Jones: Part of the impetus for me was—remember when Taft got jammed up? [Note: In 2016, local musician and community organizer Josh Taft was arrested during a counter-protest at a white power rally in Stone Mountain, Georgia.]
Daly: I went to New Orleans around the time [Taft] was in jail. And it was when Donald Trump won his first Super Tuesday and it became pretty apparent he was going to win. I woke up in Jacksonville after a 12-hour drive and had these lyrics in my head.
Lyrically, “Land of Slave” is very timely.
Daly: Well, I was hoping I wouldn't have to bring it out again, thinking Trump wouldn't win the election. When he did, I thought, I guess I have to break out the song.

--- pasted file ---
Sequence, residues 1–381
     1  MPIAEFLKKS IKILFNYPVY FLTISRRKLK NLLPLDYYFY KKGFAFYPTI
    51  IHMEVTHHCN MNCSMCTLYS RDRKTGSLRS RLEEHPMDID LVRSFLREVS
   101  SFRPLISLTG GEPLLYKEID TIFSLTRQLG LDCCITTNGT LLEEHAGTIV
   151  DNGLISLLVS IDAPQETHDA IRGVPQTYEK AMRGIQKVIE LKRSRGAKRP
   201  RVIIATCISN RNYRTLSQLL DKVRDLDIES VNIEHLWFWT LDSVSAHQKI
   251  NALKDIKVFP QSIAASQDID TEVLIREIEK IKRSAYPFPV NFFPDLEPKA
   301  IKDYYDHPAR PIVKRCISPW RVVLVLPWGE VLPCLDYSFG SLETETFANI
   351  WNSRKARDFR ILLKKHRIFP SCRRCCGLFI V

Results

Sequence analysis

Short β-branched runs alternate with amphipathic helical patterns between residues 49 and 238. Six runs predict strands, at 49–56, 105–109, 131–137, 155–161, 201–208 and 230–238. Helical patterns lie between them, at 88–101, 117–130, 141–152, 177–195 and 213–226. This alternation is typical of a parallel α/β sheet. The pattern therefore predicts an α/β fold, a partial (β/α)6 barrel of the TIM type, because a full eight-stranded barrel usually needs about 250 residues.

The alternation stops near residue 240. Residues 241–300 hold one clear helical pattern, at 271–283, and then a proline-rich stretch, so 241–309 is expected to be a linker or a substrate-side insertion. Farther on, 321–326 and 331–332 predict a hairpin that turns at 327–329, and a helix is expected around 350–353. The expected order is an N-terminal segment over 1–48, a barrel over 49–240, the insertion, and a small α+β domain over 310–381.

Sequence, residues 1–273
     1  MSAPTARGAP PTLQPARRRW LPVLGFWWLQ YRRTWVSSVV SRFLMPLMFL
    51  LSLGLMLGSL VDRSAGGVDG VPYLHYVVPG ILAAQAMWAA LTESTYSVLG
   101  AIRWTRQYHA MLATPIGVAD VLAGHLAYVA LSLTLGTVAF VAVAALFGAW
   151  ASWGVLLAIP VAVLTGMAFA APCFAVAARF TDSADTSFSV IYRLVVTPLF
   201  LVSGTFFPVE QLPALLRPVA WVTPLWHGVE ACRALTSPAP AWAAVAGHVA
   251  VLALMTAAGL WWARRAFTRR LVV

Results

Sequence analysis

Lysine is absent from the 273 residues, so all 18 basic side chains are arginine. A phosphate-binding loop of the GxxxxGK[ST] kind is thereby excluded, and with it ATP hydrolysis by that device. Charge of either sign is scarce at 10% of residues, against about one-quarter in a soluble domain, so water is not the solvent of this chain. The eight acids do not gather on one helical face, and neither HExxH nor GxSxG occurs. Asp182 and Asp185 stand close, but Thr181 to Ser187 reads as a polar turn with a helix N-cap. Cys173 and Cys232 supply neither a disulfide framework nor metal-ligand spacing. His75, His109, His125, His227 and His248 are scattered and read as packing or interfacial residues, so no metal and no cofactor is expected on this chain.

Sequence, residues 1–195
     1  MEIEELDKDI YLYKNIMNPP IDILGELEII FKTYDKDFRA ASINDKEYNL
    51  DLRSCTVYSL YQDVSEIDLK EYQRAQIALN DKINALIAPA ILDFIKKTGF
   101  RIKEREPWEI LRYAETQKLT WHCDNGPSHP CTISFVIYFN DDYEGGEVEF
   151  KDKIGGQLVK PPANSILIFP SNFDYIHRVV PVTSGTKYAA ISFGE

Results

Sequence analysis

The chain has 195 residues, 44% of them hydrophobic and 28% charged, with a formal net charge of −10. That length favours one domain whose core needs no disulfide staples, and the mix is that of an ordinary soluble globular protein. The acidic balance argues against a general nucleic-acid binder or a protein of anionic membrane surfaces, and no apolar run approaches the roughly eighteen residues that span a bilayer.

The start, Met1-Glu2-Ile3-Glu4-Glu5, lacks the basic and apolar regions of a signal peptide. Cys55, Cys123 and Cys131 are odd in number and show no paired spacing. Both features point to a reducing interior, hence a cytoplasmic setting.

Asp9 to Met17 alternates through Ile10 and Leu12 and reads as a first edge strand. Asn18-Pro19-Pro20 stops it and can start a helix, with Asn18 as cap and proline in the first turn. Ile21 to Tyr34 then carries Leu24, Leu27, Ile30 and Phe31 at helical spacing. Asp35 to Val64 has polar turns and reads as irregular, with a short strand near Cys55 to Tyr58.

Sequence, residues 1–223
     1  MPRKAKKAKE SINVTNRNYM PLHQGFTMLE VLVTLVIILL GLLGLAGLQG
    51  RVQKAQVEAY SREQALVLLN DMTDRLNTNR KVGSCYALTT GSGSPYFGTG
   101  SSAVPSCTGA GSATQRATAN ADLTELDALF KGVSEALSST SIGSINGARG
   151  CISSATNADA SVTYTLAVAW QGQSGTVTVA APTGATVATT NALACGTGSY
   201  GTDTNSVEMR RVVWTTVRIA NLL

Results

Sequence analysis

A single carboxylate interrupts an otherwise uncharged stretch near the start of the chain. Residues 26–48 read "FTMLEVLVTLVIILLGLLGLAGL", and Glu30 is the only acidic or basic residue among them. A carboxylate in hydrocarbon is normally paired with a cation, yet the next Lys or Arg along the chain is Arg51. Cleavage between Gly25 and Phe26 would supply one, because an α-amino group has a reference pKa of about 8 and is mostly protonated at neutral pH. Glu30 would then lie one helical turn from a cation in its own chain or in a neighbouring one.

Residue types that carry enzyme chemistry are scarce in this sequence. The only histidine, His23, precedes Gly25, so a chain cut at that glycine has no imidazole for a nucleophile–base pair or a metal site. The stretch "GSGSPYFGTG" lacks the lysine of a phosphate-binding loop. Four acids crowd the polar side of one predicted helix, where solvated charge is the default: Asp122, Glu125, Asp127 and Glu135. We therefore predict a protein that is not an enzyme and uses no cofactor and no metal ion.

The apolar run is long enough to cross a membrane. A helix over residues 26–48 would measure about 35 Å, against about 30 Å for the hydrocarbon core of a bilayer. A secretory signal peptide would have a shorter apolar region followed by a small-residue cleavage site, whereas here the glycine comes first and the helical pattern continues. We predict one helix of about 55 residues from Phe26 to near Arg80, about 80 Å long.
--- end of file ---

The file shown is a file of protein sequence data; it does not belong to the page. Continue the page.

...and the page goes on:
Why release it now?
Daly: I think a lot of people are feeling despondent and also a lot of people are waking up and trying to get more involved in politics, trying to spread awareness. I think the timing was right.
Jones: And there’s the combination of the artwork and the music. I joke and say this is going to be the song that gets us lynched or run out of town because it may be offensive to some people. But the veil is coming back. Communication is different than it’s ever been. The shit that’s been swept under the rug, it’s coming out.
Both of us like history, too, and here in Savannah, St. Patrick’s Day is the equivalent of a minstrel show. It’s a religious holiday where Oisin is from. But Savannah was built on the backs of Irish and African slaves. They wanted to trick the Irish slaves into thinking they were better than the African slaves. They called them indentured servants, but the end result is the same.